Wednesday, December 23, 2009

Arakanese Society and the Aiakauese Wbild-View

Before examining the world-view of the Arakanese kings and their means
of legitimation of kings hip, it would be useful to look at what Arakan
society was like at the beginning of the sixteenth century The Arakanese
were similar to many peoples found throughout the world, who, finding
themselves stuck between large and powerful empires, choose either to
isolate themselves from the outside world or to purposefully look at other
cultures for religions or tools of state-craft through which they could
express their own views in a way easily recognisable to the outside world.
This choice between isolation and adaptation was faced not just by
Arakan, but by many other societies throughout Southeast Asia Some
Southeast Asian societies chose to adapt and opened themselves up to
the outside world, as in the case of modern Thailand. Other societies in
Southeast Asia chose both adaptation and isolation, in which outside
models were utilized but the "doors" to their societies remained closed to
the outside world, as shown by examples as varied as modern Burma
and premodern Vietnam.

The Arakanese chose the second path, and their culture at the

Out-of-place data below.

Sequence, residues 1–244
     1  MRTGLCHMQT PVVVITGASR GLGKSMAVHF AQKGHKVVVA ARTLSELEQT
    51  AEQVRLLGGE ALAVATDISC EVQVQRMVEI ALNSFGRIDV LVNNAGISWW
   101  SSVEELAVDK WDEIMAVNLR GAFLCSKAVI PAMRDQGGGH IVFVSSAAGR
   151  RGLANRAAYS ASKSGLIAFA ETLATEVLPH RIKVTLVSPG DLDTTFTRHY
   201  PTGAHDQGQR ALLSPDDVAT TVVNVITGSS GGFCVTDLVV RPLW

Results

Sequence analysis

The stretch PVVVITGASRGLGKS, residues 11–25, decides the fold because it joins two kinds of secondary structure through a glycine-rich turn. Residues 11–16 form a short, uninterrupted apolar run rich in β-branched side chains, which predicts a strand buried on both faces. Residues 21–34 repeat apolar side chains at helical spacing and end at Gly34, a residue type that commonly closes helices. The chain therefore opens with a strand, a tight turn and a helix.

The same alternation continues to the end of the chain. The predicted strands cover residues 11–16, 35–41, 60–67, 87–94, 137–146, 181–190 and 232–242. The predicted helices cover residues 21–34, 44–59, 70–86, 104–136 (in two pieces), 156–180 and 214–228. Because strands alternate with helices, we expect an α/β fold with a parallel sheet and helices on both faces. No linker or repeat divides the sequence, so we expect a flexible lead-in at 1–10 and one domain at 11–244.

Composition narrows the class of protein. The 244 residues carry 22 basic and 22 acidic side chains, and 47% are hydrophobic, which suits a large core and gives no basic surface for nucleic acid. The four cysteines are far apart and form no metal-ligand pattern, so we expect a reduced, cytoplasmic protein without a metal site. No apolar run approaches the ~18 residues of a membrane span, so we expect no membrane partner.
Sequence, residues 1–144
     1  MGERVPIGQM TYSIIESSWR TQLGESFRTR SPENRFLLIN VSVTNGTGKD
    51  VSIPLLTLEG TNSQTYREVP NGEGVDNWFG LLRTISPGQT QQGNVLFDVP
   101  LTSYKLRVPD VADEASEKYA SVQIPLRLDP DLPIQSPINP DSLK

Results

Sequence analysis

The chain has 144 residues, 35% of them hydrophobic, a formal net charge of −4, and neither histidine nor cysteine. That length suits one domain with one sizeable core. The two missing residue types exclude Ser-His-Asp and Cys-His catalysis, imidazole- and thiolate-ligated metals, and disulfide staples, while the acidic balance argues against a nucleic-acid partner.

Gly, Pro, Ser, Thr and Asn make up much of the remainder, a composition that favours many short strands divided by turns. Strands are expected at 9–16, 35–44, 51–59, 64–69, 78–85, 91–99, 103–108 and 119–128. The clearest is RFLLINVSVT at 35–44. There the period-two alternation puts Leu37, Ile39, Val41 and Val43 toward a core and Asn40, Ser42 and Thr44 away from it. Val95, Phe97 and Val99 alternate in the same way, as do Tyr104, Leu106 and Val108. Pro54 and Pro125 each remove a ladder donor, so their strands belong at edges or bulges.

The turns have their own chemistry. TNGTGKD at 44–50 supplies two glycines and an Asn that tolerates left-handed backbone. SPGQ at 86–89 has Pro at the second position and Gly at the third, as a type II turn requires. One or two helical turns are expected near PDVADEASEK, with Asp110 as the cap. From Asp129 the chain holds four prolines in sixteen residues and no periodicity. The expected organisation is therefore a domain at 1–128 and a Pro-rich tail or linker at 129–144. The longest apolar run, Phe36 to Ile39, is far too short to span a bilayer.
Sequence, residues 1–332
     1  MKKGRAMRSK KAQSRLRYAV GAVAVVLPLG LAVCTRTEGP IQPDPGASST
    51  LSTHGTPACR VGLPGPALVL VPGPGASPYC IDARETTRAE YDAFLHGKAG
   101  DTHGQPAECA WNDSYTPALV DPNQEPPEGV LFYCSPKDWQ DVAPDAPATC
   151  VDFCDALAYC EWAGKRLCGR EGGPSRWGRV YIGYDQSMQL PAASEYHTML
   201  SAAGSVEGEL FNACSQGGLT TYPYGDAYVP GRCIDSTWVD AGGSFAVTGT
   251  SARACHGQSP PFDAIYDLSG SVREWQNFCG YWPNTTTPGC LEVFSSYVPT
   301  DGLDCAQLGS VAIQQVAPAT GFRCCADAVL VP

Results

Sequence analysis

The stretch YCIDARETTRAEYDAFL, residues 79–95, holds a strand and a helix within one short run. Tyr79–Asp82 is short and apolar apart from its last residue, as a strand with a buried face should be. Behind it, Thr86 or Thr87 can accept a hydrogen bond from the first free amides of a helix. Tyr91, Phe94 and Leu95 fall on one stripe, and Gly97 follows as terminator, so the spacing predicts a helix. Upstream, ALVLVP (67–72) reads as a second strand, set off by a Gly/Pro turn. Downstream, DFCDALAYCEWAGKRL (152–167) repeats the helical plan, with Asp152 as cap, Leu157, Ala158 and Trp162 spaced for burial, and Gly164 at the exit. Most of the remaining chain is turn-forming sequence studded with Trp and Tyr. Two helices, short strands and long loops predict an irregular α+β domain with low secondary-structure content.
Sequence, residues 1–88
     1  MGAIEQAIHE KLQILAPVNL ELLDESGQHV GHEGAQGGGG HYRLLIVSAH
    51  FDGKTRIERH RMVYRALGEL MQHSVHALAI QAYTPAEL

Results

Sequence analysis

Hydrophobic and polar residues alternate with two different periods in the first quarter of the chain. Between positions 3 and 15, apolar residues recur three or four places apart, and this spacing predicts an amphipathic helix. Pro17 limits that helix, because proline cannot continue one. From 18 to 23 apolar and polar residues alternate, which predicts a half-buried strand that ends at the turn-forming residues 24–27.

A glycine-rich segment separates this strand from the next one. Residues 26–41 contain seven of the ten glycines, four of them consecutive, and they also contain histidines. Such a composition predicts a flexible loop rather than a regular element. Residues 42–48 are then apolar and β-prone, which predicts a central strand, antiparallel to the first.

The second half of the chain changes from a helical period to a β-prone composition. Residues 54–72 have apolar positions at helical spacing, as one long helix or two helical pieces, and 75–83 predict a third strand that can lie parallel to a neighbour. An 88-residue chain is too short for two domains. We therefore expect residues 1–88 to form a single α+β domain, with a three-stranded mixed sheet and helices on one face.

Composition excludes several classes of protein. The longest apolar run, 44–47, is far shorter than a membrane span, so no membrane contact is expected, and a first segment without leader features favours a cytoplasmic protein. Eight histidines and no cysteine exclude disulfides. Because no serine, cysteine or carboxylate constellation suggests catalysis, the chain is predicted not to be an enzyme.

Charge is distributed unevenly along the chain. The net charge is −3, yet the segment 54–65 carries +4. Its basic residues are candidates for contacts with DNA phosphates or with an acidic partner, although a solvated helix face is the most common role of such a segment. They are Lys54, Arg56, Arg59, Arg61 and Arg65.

beginning of the sixteenth century reflected both their isolation and their
adaptation One way that we can s ee both isolation and adaptation is by
looking at the temple iconography of Mrauk-U, the Arakanese capital In
the Shithaungpara (Shithaung pagoda), built in C E. 1535 on Pakaung-
daung hill, eighty-four thousand images of the Buddha were enshrined

"after the fashion of the great Asoka " 40 While King Min Bin planned on
housing these Buddhist images in the Shithaungpara from the
beginning, the pagoda was stylistically Hindu, so much so that "the
entire structure is alien in its main features to native architectural

style"^* In addition to the Buddhist images, the pagoda includes
garudas, statues which are probably of Vishnu, and other iconography
indicating the old Brahmanic social order, with the Brahmans on top,
then kings, below them warriors, and, at the bottom, commoners.
Further, the gateway is protected by "a six-armed figure and richly
dressed Brahinans at one side of it.

Note: This post is the summary from the book of the name of "ARAKAN, MIN YAZAGYI, AND THE PORTUGUESE (1993)
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